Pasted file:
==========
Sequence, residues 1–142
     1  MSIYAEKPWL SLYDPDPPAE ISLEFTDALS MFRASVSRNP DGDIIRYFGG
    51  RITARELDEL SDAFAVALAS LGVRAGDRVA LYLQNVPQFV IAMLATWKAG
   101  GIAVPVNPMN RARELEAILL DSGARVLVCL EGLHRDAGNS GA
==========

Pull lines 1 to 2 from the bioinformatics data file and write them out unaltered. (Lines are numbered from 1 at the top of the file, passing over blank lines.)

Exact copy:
Sequence, residues 1–142
     1  MSIYAEKPWL SLYDPDPPAE ISLEFTDALS MFRASVSRNP DGDIIRYFGG